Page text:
These biases make for a lousy basis for engaging in thoughtful, sustained discussion of serious matters. If you don't believe me, try having a rational debate on Twitter. Add to that, social media is uniquely adept at igniting emotion, particularly negativity, anger, and outrage.

Here's The Thing: Trump’s discourse since losing the presidency in 2020 has been motivated a desire for revenge. Putting him back on Twitter is like pouring petrol on a pile of dry wood and throwing a match at it.

With Musk at the helm, the content moderation guardrails are lower than they were before (when Trump was banned). With Trump's prospects of being selected as the presidential candidate looking shaky, and the threat of criminal charges looming large, he will turn to the best form of defence he knows: attack.

And with unrestricted access to 80+ million followers on Twitter, compared to a few million on Truth Social, Trump would have the attention platform he craves.

However, so far trump has resisted Twitter despite Musk's best efforts to get him back...

Other Twitterverse news

  • Musk told employees of his plans, dubbed Twitter 2.0, to add secure direct-messaging, and voice and video chat to the social media platform.
  • This was after he fired half the Twitter staff because he doesn’t think they’re needed. And just before Twitter systems started breaking. (Forbes reported a user tweeted the latest pirate copy of The Fast and the Furious Tokyo Drift in two minute chunks over a 50 tweet thread because the anti copyright detection system didn't kick in.)
  • Ever the free speech absolutionist, Musk fired around 20 employees for freely expressing speech that was critical of him on Twitter’s Slack channel.
  • Around 137,000 people paid for a Twitter Blue subscription before the service was put on hold by Musk. That generates a little over a $1 million a month, compared to the $4 million a day that Musk says Twitter is losing.

Why is Musk doing this? A subscription model is a great idea for Twitter. Influencers get tons of value from Twitter for free (Tesla/Musk spend zero on marketing, General Motors spend $2 billion.)

Influencers with a following of over, say, 10k should/would pay for Twitter. But what Musk is doing is charging the wrong users.

  • The average number of followers for these Blue accounts is just 560.

They're paying $8 a month for what? To see fewer ads (they'll still see ads, just less of them!)

When it returns, this will be the 3rd iteration of Twitter Blue. IMHO, it will fail again unless Musk aligns the subscription service to where the value exchange is most obvious; which is to monetise the accounts with the largest following.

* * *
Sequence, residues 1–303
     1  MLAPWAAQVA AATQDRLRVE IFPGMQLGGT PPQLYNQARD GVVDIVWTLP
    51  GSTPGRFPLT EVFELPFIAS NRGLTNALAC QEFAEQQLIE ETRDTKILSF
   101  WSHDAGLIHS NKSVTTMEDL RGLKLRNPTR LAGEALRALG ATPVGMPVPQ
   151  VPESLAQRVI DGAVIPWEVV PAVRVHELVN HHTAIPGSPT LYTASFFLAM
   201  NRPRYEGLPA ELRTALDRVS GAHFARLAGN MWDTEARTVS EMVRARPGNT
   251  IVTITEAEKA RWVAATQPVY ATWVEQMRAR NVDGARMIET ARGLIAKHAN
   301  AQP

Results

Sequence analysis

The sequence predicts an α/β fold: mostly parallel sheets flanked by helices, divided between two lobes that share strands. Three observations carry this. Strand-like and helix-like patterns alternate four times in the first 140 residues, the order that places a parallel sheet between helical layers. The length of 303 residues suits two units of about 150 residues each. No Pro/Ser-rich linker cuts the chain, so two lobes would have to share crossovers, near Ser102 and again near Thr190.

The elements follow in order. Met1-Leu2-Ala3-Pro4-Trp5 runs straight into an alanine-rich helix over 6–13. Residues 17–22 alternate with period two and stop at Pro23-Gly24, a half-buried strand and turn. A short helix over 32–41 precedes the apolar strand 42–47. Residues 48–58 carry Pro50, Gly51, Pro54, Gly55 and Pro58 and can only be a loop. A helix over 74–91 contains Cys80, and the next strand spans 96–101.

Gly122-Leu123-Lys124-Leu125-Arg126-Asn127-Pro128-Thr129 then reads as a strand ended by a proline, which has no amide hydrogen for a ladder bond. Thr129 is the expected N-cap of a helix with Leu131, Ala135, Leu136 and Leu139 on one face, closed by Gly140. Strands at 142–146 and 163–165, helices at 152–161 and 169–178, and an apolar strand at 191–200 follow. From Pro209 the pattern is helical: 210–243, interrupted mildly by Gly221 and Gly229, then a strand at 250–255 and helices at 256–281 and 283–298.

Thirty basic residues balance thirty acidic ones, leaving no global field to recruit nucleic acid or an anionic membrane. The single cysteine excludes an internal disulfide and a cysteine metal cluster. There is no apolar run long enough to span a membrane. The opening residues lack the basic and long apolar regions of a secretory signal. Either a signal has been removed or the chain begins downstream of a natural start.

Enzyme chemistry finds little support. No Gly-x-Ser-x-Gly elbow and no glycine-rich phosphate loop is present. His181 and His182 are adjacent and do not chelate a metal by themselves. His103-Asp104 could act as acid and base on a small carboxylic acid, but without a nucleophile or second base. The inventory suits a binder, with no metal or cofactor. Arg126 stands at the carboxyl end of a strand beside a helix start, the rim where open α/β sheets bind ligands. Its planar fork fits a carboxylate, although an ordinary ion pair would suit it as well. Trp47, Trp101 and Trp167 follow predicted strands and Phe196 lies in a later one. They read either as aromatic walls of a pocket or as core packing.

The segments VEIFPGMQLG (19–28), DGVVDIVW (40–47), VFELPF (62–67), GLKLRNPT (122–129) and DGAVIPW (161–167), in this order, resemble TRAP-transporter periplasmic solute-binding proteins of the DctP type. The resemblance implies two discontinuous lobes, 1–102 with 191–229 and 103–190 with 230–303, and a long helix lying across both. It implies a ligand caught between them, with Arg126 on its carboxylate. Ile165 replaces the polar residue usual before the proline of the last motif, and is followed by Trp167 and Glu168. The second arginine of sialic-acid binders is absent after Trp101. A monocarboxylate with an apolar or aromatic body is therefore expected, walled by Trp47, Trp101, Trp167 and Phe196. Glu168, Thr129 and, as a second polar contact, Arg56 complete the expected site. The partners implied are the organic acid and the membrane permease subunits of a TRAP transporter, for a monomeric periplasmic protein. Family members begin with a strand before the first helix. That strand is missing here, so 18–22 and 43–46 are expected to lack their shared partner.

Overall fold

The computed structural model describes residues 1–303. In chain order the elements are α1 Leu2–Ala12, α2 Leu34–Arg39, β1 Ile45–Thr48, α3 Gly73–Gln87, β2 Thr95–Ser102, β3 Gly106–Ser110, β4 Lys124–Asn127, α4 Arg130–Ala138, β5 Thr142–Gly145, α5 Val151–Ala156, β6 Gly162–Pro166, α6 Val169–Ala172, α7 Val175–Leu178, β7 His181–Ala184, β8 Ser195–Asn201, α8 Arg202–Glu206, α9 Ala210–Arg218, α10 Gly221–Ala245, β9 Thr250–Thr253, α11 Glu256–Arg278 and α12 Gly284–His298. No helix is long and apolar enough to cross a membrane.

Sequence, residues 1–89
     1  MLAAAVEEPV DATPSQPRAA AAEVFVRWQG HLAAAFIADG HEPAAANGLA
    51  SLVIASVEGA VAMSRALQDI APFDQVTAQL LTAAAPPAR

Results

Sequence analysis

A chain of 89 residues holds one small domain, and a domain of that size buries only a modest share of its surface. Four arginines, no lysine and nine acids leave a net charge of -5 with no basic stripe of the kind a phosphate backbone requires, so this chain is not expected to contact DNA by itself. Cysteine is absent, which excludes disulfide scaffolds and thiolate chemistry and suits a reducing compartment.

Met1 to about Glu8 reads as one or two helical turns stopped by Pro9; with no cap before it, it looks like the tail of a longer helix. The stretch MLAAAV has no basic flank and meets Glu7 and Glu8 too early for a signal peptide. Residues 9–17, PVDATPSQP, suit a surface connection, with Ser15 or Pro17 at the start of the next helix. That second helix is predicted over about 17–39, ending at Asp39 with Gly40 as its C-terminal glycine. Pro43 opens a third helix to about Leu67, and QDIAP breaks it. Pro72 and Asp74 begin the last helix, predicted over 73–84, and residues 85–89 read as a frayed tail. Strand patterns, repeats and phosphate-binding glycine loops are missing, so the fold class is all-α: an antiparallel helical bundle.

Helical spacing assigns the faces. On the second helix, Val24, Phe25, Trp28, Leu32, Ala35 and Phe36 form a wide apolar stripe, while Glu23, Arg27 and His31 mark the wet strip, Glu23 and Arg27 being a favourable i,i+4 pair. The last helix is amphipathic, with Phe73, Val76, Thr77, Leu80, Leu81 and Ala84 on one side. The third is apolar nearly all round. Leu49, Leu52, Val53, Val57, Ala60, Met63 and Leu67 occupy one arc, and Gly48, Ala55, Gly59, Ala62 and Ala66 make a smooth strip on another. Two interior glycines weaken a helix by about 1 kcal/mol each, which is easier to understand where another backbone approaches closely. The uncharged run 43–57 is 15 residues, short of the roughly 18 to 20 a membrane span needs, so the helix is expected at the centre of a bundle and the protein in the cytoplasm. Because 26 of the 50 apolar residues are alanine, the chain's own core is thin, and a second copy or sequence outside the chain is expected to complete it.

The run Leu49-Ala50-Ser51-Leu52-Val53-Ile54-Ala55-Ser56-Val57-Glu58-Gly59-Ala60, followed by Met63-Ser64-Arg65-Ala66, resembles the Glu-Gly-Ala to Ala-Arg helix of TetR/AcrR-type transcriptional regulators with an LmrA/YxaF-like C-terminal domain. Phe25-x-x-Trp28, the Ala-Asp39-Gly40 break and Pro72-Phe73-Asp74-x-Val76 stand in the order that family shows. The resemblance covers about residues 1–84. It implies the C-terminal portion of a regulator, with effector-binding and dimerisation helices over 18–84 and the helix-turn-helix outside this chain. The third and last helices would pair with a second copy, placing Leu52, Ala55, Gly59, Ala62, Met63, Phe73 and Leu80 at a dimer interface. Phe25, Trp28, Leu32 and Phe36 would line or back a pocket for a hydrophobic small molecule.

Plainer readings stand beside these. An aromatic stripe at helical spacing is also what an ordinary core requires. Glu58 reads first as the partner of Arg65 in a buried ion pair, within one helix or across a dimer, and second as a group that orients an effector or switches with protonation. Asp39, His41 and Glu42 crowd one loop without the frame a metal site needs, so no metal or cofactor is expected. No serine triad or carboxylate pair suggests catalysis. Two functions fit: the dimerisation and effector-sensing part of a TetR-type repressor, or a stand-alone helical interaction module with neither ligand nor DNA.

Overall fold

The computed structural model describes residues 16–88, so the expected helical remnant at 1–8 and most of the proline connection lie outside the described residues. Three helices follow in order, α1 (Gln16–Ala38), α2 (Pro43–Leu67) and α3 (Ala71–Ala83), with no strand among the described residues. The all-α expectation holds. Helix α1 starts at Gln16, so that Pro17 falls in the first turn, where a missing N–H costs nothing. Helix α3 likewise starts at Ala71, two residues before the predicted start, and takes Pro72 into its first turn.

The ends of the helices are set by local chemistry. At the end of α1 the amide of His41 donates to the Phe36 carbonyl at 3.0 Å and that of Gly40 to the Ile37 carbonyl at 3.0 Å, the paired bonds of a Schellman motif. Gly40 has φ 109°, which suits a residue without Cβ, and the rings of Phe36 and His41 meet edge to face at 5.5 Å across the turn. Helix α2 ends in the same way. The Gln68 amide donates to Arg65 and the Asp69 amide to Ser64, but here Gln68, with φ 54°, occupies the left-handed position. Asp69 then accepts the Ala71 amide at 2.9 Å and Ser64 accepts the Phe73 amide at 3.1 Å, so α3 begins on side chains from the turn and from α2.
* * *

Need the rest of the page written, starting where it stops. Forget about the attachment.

🎙Big Tech Little Tech podcast: #socialmedia #twitter #mastodon #decentralised

♬ original sound - Rick Huckstep | Future Tech

🔦 Spotlight on Twitter alternatives: Hive

Different: The topic of conversation on last week's podcast was Mastodon, the decentralised social media platform that's picking up plenty of Twitter defectors.

But there are plenty of other contenders to be the next Twitter. Hive is one of them. And ex-Tweeters are flocking to it faster than the app can handle. Like Mastodon, Hive is free from algorithms and advertising.

Also like Mastodon, Hive is swarming with new users.

  • Recent data from Sensor Tower found that the app has been installed over 214,00 times on iOS and Android devices over the past month.
  • TechCrunch reckon that Hive has 3/4 million users with alomost 9 in 10 of them outside the US. For comparison, Hive founder Kassandra Pop says that number is jumped over a million.
  • Hive has jumped up the App Store charts to #17 in the US and UK (up from 338), and #24 in Canada.

Here's The Thing: Hive has a team of only 3 developers, inc the founder, Pop. Between them they've built a social media platform that does not use algorithims to decide the content in the feed. Like Mastodon, it's all chronological - the latest one first.

The business model is based on micro-payments for extra bits and bobs. Such as 99 cents so that you can have an extra song on your profile (as well as adding a profile pic, users can add a piece of music to represent their personality. For 99 cents, you can have 2 songs.)

Unlike Mastodon and more like Twitter, Hive is a centralised platform. Which means it doesn't have the user challenges of understanding how the thing works.

  • It's also a fun experience, more MySpace than cesspit.

🎙️ For more on Mastodon, listen to the latest episode of Big Tech Little Tech:

Find Big Tech Little Tech on all major Podcast platforms: Apple Podcasts | Spotify | Amazon Music | Anchor | Google Podcasts | Website

Meanwhile: New findings from UK regulator Ofcom found that:

64% use an online intermediary to access news and information regularly

2/3rds of people get their news from an online intermediary. Facebook was the number 1 source with 33%, followed by YouTube, Instagram and Twitter. Source: Ofcom

Nike announce new play for the Metaverse

Swoosh: That's the name for Nike's latest initiative that enables consumers to create and sell sneakers for the Metaverse economy.

  • Effectively, this gives creators & Nike fans the opportunity to create and sell their own designs directly to Nike and earn a royalty cut in return.

But this is more than just a gimmick to sell a few pairs of trainers. This is about building community. It is an innovative use of emerging technology aimed at strengthening loyalty amongst existing customers.

The sneakers will come with NFTs that enable a dynamic membership with exclusive benefits that can be developed over time.

Nike have been prolific when it comes to NFTs, having sold more than any other brand in 2021 (around $180 million).

Johnnie Walker are ones to watch in NFTs

I've just loaded the use-cases for Ferragamo, Jimmy Choo, Johnnie Walker, JBL, Jacob & Co and Hypnotiq into the Brand Strategy database.